Tuesday, March 13, 2012


Whether I should or shouldn't.... Today I'm ranting. All I want to know is this:


OMGosh... I have never had long hair. I haven't cut it - except to be trimmed in over 3 years. Just in the last month have I really gotten used to wearing it long and curly and it's such a relief after 59 years to look in the mirror and think "I really like my curly hair." 

Curly hair can get dry very easily. Then the ends get frizzy. So it's necessary to keep it trimmed. I've kind of been trimming it myself but decided I like the style so much, I'll find someone to do it. I asked numerous times - can she cut curly hair? Oh, yes, I was assured. She has curly hair herself.

Well - she sure can cut curly hair. She cut so much of mine off, I'm just sick. Oh, she left the length, bless her heart. She just layered it and layered it - too short. I wish I could see w/o my glasses. 

Ok. I'm done. It'll grow - a.g.a.i.n. 

Bless her heart.

Wednesday, March 7, 2012

Wednesday Trivia!

Last week for Wednesday Wisdom I used a bit of Historical Trivia and I'm going to continue this for a few weeks.

"That will cost you an arm and a leg."  Meaning, something is very expensive or costing much more than it's worth. The origin? Well, apparently there is more than one idea about that!

"In George Washington's days, there were no cameras. One's image was either sculpted or painted. Some paintings of George Washington showed him standing behind a desk with one arm behind his back while others showed both legs and both arms. Prices charged by painters were not based on how many people were to be painted, but by how many limbs were to be painted. Arms and legs are 'limbs,' therefore painting them would cost the buyer more. hence the expression, 'okay, but it'll cost you an arm and a leg.' (artists know hands and arms are more difficult to paint)" unknown

This information - apparently - is widely circulated. I usually try to check things out before I publish them and I did the same with this.  And found:

"This is one of those phrases for which it isn't difficult to come across a popular explanation. In this case the tale that is told is that portrait painters used to charge more for larger paintings and that a head and shoulders painting was the cheapest option, followed in price by one which included arms and finally the top of the range 'legs and all' portrait. As so often with popular etymologies, there's no truth in that story. Painters certainly did charge more for large pictures, but there's no evidence to suggest they did so by limb count. In any case the phrase is much more recent than the painting origin would suggest.
It is in fact an American phrase, coined sometime after WWII. The earliest citation I can find is from The Long Beach Independent, December 1949:
Food Editor Beulah Karney has more than 10 ideas for the homemaker who wants to say "Merry Christmas" and not have it cost her an arm and a leg.
'Arm' and 'leg' are used as examples of items that no one would consider selling other than at an enormous price. It is a grim reality that, around that time, there are many US newspaper reports of servicemen who lost an arm and a leg in the recent war. It is quite likely, although difficult to prove conclusively at this remove, that the phrase originated in reference to the high cost paid by those who suffered such amputations."   From "The Phrase Finder"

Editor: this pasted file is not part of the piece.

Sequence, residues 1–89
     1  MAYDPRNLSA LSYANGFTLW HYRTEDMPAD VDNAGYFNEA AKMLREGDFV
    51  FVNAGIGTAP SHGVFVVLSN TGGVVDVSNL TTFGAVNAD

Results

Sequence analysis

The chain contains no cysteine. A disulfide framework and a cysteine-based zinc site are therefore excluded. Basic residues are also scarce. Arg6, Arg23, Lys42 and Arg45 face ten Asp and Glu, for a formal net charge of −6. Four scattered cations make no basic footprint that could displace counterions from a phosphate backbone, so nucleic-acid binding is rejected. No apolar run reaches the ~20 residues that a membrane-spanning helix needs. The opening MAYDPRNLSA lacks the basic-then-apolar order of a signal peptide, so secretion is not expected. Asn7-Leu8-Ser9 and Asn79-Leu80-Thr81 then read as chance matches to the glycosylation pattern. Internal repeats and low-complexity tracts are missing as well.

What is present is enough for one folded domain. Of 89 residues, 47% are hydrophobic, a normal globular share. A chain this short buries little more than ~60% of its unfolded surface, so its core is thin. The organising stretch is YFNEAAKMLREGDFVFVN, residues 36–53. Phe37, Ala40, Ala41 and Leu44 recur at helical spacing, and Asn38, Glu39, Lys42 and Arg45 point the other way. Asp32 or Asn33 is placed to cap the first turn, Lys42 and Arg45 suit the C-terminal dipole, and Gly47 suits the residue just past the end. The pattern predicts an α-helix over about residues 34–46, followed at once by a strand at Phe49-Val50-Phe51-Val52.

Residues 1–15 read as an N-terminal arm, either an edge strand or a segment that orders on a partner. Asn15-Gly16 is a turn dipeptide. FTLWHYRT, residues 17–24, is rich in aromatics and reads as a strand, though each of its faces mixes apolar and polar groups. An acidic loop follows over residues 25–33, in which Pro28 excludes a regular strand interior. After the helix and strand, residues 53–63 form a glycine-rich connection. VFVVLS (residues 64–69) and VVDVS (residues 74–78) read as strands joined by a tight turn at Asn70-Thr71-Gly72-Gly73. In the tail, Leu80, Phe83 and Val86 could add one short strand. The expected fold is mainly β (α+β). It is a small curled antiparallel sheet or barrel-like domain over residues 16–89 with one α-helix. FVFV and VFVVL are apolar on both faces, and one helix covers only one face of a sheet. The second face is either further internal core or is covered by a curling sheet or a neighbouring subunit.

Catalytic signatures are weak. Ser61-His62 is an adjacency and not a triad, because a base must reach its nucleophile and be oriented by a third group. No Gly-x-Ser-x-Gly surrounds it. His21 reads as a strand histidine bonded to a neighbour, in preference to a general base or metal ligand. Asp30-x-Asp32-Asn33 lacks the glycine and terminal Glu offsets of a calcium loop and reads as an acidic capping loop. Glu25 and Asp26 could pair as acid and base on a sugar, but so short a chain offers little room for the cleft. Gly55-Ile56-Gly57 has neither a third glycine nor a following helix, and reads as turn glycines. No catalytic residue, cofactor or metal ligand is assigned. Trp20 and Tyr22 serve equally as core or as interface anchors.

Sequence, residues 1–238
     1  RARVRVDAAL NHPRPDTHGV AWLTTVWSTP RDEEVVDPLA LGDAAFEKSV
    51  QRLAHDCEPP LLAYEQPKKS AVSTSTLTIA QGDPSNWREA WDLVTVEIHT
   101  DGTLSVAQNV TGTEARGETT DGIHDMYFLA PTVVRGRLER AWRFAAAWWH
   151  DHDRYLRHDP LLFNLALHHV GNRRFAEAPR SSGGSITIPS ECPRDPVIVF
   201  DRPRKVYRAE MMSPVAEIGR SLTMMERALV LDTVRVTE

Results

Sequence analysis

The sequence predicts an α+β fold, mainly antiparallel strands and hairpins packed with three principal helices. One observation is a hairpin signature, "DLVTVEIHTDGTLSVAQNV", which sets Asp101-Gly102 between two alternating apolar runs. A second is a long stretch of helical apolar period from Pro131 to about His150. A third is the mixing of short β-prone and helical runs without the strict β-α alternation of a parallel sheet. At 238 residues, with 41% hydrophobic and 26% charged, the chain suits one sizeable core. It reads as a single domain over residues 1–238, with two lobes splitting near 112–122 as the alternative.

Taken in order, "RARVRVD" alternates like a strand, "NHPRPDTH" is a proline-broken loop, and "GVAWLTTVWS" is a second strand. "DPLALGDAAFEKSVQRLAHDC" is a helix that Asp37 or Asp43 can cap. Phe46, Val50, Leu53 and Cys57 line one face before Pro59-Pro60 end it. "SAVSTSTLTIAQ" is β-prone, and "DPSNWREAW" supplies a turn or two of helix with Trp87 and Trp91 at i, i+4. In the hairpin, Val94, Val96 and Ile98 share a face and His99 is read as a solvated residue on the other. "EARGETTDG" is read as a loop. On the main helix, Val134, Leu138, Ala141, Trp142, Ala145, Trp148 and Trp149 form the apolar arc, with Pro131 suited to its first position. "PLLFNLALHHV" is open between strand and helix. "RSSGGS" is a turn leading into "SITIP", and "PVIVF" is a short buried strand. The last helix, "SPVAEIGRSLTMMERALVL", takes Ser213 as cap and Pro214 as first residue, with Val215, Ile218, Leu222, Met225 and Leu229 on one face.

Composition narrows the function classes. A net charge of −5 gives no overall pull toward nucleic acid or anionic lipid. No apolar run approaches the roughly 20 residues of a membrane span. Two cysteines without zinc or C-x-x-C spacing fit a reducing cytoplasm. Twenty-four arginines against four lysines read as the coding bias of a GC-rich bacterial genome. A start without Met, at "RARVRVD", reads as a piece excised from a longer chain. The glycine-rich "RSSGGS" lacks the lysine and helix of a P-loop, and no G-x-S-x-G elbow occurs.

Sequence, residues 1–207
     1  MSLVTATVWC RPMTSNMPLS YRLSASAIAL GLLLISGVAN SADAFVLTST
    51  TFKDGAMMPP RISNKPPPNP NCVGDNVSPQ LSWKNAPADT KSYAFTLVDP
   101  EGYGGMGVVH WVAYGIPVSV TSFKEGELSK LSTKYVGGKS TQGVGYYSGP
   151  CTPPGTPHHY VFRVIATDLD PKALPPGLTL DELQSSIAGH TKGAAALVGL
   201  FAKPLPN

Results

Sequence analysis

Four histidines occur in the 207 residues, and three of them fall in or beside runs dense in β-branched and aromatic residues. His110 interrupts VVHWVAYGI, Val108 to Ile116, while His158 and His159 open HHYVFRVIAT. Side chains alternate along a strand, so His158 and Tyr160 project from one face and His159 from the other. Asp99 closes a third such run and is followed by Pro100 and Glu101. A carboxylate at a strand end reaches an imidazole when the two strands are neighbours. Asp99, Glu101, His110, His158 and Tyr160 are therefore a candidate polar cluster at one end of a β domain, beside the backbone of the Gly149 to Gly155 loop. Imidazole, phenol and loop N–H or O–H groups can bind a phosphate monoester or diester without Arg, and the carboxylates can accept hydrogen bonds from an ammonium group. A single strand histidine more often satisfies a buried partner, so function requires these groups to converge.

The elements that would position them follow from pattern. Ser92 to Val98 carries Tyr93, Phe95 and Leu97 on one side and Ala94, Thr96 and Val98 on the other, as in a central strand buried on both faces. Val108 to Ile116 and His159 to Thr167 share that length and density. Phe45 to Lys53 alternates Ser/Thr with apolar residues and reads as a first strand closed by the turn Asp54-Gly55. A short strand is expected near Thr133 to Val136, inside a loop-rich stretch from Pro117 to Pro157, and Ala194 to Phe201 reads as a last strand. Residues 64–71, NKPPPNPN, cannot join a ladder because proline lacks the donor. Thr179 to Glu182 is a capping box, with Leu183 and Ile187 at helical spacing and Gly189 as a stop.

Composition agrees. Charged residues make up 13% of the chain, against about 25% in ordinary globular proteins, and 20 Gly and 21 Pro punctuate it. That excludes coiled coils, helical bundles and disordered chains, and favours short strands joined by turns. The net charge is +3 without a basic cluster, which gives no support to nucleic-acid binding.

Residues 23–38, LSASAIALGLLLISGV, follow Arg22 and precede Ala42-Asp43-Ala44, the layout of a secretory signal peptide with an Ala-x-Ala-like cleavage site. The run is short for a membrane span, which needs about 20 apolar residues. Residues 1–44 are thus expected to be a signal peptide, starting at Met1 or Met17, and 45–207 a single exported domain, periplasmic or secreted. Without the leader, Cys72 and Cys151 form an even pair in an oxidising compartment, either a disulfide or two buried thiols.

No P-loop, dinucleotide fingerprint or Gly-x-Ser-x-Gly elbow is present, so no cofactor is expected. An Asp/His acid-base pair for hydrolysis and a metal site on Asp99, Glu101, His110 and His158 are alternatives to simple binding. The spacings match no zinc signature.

Our society is filled with Phrases that many of us have heard most of our lives! Some are so old the origin isn't always a 'sure thing'. But I think it's very interesting reading some of the History behind our Historical Trivia!

"Don't spend an arm and a leg shopping this week!"


Tuesday, March 6, 2012


I remember when you didn't have anything else to say or to talk about - you brought up the weather.

"The trouble with weather forecasting is that it's right too often for us to ignore it and wrong too often for us to rely on it."  ~Patrick Young

When Holly lived in San Diego, I was told, "The easiest job in the world is to be a weather forecaster in San Diego. Everyday he/she says "It's very nice out today."

Well, now-days the weather is the interesting thing to talk about. (especially to avoid conversations about politics.)

Here it is - the first week in March and flowers are blooming, trees are budding - and maybe this isn't all that unusual for March, but this has been going on for a few weeks now. Tornadoes in places that have before only heard about tornadoes. Tornado one day - snow the next. Crazy weather.

 (I would have gotten more pictures and better pictures but TBW - as my friend Debra calls the Oklahoma Winds - is a staple in Kansas as well)

Weird weather patterns. It's a subject that can keep you talking for quite awhile. Avoid -  Romney, Santorum, Newt and Obama - talk about the other subject that is as inconsistent as politics.

Every man on the street will give you different reasons why -
  •  "global warming"
  •  "climate warming"
  •  "government interference" 
  •  "HAARP - high frequency active auroral research program" 
  •  "Jesus' soon return"
  •  "La Nina"
  •  "scientific"
  •  "spiritual"
  •  "the end of the world as we know it" 

Well, I usually just take one day at a time. I don't worry about what's coming because I do have a faith that will sustain me. 

BUT - I've decided every day I live is the end of the world as I know it. Look at the changes made everyday in this world. Our world improves every day. It also digresses every day. 

Each day is the end of the world as I've known it. 

Weather forecast for tonight:  dark.  ~George Carlin